With a typical unit weight of 90 to 120 pounds per cubic foot (pcf) and a compressive strength from 2500 psi to more than 8000 psi, structural lightweight concrete is a versatile building material. Since it is generally 20% to 40% lighter than normalweight concrete, a structure's dead load can be reduced, its foundation costs lowered, and its concrete and rebar needs lessened. Structural lightweight concrete also resists fire better than normalweight concrete because of its lower thermal conductivity and its lower coefficient of thermal expansion. In many structures, these benefits justify the use of lightweight aggregate concrete, which generally costs more than normalweight concrete.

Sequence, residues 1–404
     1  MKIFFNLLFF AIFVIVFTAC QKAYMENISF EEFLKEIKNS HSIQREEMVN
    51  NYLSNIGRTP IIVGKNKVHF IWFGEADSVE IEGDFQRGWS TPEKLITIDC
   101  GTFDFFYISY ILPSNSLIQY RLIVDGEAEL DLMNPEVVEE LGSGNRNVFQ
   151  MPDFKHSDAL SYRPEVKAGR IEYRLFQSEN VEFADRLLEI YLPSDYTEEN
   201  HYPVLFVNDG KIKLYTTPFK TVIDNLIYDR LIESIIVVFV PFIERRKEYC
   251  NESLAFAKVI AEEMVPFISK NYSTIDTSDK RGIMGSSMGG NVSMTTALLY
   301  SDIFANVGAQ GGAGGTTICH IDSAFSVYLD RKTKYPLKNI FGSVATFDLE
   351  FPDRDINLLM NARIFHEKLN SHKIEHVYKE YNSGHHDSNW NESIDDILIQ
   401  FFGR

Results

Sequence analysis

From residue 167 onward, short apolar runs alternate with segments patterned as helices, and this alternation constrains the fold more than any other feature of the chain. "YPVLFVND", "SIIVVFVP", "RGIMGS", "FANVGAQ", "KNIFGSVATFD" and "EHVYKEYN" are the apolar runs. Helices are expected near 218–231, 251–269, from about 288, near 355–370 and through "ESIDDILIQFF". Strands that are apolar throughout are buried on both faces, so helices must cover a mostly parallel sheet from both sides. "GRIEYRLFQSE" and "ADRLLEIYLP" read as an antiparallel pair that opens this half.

By definition, structural lightweight concrete contains aggre- gates that are either all-lightweight or a combination of lightweight and normalweight aggregate. Lightweight aggregates suitable for structural concrete may be natural materials such as pumice or scoria, or they may be processed aggregates such as expanded shales, clays, slates, and slags. More porous than normalweight particles, lightweight aggregates that are not presaturated will absorb the water in the concrete mix. To control the slump, the lightweight aggregates should be prewetted before being used in a mix. There are three ways to prewet them: thorough sprinkling, thermal quenching, and vacuum saturation. If the aggregate particles in lightweight concrete are properly prewetted, then the concrete should behave much like normalweight concrete.